“There’s a very, very strong genetic component.”
When someone gets diagnosed with a chronic health condition, such as ankylosing spondylitis (AS), one of their first questions might be, why did I get this? Did I do something wrong?
“There aren’t any controllable risk factors that we know of,” says Eliana Cardozo, DO, assistant professor of rehabilitation medicine at Icahn School of Medicine at Mount Sinai. “Many people with ankylosing spondylitis either have another family member with it, or they have another family member that has some kind of rheumatologic or autoimmune condition.”
In other words, there’s a strong genetic component for AS, which is an inflammatory type of arthritis that causes increasing pain and stiffness in the lower back. This can be illustrated in the numbers: While it affects one percent of the general population, it’s slightly more common in those of northern European descent.
“There’s a gene called HLA-B27 and it’s the one associated with ankylosing spondylitis, [but] not everyone with that gene gets the disease,” says Dr. Cardozo. In fact, fewer than one out of 20 people with the gene actually develop AS, according to the National Institute of Arthritis and Musculoskeletal and Skin Diseases.
The fact that some—but not all—people with the HLA-B27 gene get AS is a sign that there are some environmental factors involved in the development of AS—but researchers don’t know what they are yet.
Additionally, AS is more likely, and also tends to be more severe, among men. “Some studies even show that it’s two times as common,” says Dr. Cardozo.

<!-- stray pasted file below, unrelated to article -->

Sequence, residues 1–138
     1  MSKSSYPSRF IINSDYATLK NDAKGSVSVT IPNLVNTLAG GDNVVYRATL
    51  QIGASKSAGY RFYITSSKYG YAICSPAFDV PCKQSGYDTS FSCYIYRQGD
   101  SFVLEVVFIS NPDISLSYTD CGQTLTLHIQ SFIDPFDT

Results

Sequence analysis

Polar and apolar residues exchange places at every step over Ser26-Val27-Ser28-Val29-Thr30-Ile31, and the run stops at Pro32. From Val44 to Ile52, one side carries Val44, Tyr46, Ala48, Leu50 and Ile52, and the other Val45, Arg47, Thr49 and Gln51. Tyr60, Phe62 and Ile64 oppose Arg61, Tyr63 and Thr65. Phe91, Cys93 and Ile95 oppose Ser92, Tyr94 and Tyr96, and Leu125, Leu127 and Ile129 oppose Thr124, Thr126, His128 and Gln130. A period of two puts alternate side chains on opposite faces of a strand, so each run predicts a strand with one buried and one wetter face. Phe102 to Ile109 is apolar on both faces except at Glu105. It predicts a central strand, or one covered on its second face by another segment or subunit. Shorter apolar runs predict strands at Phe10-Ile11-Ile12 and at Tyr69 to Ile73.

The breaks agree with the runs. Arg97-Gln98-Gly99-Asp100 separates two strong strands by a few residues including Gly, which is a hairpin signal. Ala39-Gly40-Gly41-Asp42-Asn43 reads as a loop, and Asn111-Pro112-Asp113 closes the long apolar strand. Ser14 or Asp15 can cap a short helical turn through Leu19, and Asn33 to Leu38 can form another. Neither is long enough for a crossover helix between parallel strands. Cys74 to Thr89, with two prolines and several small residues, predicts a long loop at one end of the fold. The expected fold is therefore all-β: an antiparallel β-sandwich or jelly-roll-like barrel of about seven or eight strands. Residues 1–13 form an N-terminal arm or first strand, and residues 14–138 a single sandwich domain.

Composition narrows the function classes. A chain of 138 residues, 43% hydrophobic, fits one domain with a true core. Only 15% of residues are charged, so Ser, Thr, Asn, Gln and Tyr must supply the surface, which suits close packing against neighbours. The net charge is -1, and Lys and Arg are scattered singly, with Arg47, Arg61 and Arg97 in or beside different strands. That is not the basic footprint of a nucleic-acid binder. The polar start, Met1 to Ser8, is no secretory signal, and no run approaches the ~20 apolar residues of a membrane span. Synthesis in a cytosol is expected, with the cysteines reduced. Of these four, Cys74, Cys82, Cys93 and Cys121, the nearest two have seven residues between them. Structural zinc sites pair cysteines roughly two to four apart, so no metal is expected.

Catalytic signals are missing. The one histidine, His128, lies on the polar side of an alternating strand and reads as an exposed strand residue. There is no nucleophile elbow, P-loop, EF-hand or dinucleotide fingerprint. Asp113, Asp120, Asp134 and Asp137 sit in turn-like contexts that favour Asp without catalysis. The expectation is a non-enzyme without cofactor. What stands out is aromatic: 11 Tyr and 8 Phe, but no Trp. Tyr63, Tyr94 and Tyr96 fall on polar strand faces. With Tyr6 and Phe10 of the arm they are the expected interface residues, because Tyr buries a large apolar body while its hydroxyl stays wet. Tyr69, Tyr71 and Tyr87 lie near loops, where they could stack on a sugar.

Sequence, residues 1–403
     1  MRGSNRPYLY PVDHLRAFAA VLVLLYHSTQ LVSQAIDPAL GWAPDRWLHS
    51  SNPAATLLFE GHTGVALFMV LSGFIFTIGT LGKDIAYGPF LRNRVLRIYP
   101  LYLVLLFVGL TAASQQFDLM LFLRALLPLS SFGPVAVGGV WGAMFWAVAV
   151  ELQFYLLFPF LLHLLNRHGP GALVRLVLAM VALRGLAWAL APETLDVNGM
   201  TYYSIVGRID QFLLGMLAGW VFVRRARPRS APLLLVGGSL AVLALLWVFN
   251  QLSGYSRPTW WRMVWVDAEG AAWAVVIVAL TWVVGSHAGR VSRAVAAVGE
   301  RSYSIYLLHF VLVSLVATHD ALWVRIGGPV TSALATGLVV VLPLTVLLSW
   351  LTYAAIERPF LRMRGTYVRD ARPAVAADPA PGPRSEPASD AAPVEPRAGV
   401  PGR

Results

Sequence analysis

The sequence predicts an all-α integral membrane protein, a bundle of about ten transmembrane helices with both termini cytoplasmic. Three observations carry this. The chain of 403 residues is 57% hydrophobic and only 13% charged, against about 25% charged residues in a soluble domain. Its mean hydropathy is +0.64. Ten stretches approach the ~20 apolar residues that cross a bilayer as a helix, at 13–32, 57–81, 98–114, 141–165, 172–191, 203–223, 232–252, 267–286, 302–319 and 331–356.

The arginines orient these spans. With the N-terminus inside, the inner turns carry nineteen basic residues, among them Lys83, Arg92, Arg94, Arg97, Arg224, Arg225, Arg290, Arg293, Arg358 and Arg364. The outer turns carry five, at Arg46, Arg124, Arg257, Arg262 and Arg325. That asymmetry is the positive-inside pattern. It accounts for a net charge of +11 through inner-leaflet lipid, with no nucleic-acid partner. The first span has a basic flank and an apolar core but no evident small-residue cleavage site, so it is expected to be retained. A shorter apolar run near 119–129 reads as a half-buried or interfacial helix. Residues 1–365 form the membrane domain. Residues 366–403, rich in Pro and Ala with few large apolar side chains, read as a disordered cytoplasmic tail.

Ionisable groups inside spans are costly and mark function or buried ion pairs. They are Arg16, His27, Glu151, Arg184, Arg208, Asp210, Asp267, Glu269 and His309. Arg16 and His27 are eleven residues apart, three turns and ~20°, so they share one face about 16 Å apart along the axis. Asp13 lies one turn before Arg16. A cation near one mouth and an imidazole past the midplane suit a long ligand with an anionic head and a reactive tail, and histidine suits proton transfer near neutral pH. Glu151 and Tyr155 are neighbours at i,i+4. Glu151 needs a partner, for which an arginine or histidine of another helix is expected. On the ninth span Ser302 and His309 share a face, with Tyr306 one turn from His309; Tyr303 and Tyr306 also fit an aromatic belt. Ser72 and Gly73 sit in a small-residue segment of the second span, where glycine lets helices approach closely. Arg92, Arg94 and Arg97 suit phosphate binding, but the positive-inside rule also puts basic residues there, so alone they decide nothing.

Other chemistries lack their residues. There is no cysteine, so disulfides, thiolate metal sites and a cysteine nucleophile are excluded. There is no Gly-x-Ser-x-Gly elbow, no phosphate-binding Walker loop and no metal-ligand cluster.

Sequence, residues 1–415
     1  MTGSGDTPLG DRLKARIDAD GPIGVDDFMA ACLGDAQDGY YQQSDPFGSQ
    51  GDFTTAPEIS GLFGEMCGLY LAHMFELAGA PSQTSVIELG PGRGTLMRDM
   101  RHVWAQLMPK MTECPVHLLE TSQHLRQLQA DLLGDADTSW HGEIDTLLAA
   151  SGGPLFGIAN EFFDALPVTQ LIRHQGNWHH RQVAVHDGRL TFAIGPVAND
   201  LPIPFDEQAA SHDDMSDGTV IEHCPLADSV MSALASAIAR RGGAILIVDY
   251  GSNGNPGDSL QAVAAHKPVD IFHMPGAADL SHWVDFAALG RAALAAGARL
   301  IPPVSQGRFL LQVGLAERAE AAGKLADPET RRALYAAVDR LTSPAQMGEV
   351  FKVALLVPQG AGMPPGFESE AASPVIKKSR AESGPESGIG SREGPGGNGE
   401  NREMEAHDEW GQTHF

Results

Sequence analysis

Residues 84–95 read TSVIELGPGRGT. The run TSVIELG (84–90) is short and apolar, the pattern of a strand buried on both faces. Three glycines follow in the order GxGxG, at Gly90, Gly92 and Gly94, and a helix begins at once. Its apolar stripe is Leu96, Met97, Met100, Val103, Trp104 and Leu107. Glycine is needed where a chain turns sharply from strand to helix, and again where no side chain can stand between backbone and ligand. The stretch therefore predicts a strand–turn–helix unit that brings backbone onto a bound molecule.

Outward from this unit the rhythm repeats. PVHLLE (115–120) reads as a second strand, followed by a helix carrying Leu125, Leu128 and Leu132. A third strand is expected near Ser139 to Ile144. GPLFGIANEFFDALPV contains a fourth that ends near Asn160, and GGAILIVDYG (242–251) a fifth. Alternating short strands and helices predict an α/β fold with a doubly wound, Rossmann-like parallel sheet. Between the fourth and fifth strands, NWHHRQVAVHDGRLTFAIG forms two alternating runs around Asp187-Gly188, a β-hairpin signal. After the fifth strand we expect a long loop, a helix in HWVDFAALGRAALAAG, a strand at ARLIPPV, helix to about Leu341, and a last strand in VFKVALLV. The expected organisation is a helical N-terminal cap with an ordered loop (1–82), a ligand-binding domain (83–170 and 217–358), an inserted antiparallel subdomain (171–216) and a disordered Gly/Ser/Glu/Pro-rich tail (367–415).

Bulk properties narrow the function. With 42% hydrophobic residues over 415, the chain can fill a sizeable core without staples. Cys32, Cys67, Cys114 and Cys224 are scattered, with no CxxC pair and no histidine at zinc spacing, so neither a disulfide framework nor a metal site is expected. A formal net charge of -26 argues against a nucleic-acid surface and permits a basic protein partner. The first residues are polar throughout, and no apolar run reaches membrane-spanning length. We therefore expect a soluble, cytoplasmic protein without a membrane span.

If you know you have a family member with AS or another type of rheumatologic condition, and you notice you are starting to have symptoms of AS, such as pain in the low back that’s worse in the morning, you should see a physician for a physical examination. The earlier you begin treatment, the more likely you’ll see positive results from your treatments.
“The diagnosis of ankylosing spondylitis is what we call clinical diagnosis based on symptoms,” says Dr. Cardozo. If the patient has symptoms, the physician may also choose to do a blood test or imaging tests, which looks for signs of inflammation.
Treatment for ankylosing spondylitis won’t just help you feel better in the short-term: It can also help reduce your risk of complications of AS, so if you suspect AS but haven’t yet seen your doctor, it’s worth the time to make the visit.
00:00.600 --> 00:02.999
00:03.000 --> 00:05.566
Ankylosing spondylitis happens in about 1 percent
00:05.567 --> 00:06.999
of the general population.
00:07.000 --> 00:11.432
It's more common in people of northern European descent.
00:11.433 --> 00:14.999
00:15.000 --> 00:17.666
There aren't any controllable risk factors that we know of.
00:17.667 --> 00:20.732
In ankylosing spondylitis, there's a very, very strong
00:20.733 --> 00:22.266
00:22.267 --> 00:24.866
Many people with ankylosing spondylitis either have
00:24.867 --> 00:26.399
another family member with it,
00:26.400 --> 00:28.132
or they have another family member that has some
00:28.133 --> 00:31.132